Builder James M. Davis completed the auditorium by the end of September. The massive wooden building, 175 by 80 feet (half the length and width of a football field) looked like a huge barn with an ornate façade; inside were exposed woodwork, rafters, and beams. Davis reassured a concerned public of the building’s solid construction, and Chapman vouched for its fine acoustics.

And according to blueprints of the original structure, it would seat 1,692 people.

On Oct. 14, the three-day festival kicked off. Two lines of traffic, carriages, and trolleys reached all the way to West Market Square downtown. The show was an enormous success, with the stage featuring hundreds of singers and a 60-person orchestra, including many from Seiol’s New York Symphony. Lillian Nordica wore white satin and her trademark diamond tiara and sang “Hear Ye Israel” from Mendelssohn’s “Elijah.”

The auditorium was a big hit, and by 1912 it had been expanded twice. The first was the addition of an enclosed vestibule on the front entrance, which destroyed the musicians’ gallery. The second was the annex added to the left rear of the building. The annex resembled a miniature version of the auditorium, complete with the same corner pinnacles and central gable, although it was soon removed.

Chapman’s festivals graced the auditorium for years, bringing world-renowned opera singers to Bangor, such as world-famous French opera singer Emma Calvé in 1907. The last festival was in 1926, but the auditorium saw continued community use for concerts and conventions afterward.

Planning for a New Auditorium

Joseph Bass died in 1919, but he bequeathed the land to Bangor provided that the city accept it by Jan. 7, 1933 — six months after the Maine Music Festival’s lease with Bass’ estate expired — and that it forever be named Bass Park.

Bass was specific about its use for public and semi-public purposes. The timing worked out well, because by then talk of a new auditorium had been buzzing for years. A flier from 1927 indicates a circus held there to benefit the auditorium fund, and a $1 raffle ticket from that year, to benefit the fund, gave the purchaser the chance to win a $9,000 house. That $1 would be $13 in 2013 dollars, and the house would be worth $119,000 today.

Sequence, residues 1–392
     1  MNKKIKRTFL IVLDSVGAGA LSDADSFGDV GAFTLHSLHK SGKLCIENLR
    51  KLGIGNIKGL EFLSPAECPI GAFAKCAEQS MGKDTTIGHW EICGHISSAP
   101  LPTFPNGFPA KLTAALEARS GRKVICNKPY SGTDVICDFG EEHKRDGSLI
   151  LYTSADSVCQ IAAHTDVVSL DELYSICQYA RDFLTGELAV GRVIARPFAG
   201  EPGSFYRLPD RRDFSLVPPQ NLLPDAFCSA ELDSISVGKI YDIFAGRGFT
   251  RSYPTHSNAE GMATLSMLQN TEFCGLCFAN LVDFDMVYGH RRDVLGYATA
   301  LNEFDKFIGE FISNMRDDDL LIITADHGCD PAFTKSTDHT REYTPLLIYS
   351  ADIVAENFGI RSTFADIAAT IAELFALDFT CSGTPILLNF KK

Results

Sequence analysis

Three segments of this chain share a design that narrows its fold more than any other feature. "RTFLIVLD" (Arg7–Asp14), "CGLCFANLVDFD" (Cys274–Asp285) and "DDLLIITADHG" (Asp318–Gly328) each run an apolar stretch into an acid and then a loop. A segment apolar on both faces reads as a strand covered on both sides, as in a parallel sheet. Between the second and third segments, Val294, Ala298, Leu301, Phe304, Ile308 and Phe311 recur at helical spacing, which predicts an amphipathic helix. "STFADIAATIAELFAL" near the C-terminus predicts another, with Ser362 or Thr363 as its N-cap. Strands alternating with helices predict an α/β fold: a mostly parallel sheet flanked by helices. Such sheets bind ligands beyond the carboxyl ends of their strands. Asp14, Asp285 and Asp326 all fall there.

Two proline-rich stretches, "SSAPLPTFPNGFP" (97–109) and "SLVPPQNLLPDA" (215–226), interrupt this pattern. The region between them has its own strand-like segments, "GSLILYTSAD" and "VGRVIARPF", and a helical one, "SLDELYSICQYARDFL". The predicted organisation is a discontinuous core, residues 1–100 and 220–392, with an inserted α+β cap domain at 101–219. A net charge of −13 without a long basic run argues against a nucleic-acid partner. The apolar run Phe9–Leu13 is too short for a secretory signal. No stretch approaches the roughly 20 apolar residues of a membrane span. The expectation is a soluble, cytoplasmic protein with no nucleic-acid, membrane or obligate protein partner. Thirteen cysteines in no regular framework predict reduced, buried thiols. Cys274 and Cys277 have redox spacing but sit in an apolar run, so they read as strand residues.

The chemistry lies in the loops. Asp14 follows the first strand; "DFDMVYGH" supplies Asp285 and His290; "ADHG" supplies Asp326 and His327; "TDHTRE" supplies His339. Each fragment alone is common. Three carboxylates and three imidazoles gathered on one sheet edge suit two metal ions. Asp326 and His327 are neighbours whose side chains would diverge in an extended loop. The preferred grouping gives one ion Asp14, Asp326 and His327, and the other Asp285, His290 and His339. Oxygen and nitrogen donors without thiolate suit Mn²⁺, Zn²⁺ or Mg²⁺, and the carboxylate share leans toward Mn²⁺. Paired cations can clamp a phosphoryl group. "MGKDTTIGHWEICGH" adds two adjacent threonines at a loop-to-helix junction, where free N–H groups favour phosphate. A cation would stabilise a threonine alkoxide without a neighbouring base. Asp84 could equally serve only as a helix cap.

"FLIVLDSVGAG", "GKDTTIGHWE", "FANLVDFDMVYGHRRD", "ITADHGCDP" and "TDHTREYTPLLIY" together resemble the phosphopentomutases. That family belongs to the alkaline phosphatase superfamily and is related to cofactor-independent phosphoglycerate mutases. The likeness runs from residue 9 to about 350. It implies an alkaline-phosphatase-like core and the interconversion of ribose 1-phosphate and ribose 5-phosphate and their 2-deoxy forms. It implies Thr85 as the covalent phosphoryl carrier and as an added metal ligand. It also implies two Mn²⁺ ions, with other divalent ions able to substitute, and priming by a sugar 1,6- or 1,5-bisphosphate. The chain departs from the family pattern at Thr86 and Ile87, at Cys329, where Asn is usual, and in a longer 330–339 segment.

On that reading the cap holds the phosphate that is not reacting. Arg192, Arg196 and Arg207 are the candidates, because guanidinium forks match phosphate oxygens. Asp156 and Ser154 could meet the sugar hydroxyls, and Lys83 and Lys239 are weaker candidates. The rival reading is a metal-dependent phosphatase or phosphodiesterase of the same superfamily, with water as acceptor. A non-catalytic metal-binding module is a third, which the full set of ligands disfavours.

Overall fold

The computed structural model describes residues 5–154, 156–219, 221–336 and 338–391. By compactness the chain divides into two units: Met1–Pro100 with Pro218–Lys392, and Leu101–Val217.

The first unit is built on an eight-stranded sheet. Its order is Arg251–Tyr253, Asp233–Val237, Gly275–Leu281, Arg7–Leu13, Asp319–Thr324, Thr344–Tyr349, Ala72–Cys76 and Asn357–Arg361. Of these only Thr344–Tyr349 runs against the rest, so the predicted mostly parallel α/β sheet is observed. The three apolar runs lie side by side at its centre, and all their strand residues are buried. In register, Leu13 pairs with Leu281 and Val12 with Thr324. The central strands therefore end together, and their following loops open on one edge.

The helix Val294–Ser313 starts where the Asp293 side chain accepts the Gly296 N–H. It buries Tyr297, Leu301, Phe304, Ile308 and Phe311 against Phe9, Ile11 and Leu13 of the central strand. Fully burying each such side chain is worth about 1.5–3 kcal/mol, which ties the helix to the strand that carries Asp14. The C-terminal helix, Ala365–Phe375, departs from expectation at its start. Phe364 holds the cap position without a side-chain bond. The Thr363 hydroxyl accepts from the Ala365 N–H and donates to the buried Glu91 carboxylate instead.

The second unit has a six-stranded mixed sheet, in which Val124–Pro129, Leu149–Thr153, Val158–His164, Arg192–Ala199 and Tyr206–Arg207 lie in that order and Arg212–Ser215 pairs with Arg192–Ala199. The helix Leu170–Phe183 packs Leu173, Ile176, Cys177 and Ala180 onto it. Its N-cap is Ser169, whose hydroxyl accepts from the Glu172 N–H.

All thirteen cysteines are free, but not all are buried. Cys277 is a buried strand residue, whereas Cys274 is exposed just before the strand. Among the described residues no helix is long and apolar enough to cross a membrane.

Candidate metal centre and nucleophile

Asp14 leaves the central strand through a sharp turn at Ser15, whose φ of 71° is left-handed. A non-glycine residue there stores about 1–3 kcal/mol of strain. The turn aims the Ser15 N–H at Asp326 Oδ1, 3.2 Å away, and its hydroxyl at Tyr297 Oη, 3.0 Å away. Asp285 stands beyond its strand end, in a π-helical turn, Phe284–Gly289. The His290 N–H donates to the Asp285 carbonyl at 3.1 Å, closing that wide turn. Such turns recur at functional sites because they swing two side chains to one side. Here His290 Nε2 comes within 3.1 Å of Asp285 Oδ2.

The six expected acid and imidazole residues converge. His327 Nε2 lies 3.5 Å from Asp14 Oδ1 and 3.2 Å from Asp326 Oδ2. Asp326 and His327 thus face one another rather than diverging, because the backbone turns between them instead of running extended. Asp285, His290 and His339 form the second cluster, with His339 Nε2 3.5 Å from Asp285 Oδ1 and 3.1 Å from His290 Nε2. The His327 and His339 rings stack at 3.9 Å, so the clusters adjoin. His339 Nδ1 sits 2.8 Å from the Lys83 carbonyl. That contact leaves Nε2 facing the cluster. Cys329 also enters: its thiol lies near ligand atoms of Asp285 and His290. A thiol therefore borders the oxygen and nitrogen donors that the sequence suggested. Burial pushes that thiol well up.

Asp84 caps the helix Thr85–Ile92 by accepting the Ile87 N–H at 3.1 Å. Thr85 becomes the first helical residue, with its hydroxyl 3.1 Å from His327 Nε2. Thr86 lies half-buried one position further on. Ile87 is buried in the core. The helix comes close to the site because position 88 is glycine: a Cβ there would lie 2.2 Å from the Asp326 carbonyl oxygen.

During its life, the auditorium hosted many famous guests and performers, including First Lady Eleanor Roosevelt, the Dorsey Brothers, Bill Haley and His Comets, and Spike Jones. But, as it aged, Bangor outgrew it, and by the late 1940s it was clear that Bangor needed a new facility.

Official planning began around 1948, and the city considered several sites. One was downtown at Abbott Square, across from the Bangor Public Library. Another was near Dow Air Force Base. The city finally decided to build at Bass Park, behind the existing auditorium.

The city had several firm requirements, such as seating capacity, no spectator having an obstructed view, and a strictly observed budget. Everyone from city officials to civic organizations were involved in the project, but the design came down to Bangor architect Eaton Tarbell. Key to his design was the signature inverted roof that many people later criticized, but Tarbell had solid reasoning for it: It offered better bracing than a traditional pitched roof, and it reduced the heating area by 235,000 cubic feet.

But unlike the universal enthusiasm in 1897, not everyone approved this time. Some opponents argued that building the new auditorium would violate the terms of Joseph Bass’ will. Ultimately, the Maine Supreme Judicial Court ruled that it didn’t because the new auditorium would replace one that no longer served the city’s needs.

Next week, in Part II: Bangor’s Economic Engine: the auditorium becomes a major factor in the region, but then the troubles begin.

Click here to read all four parts of this series.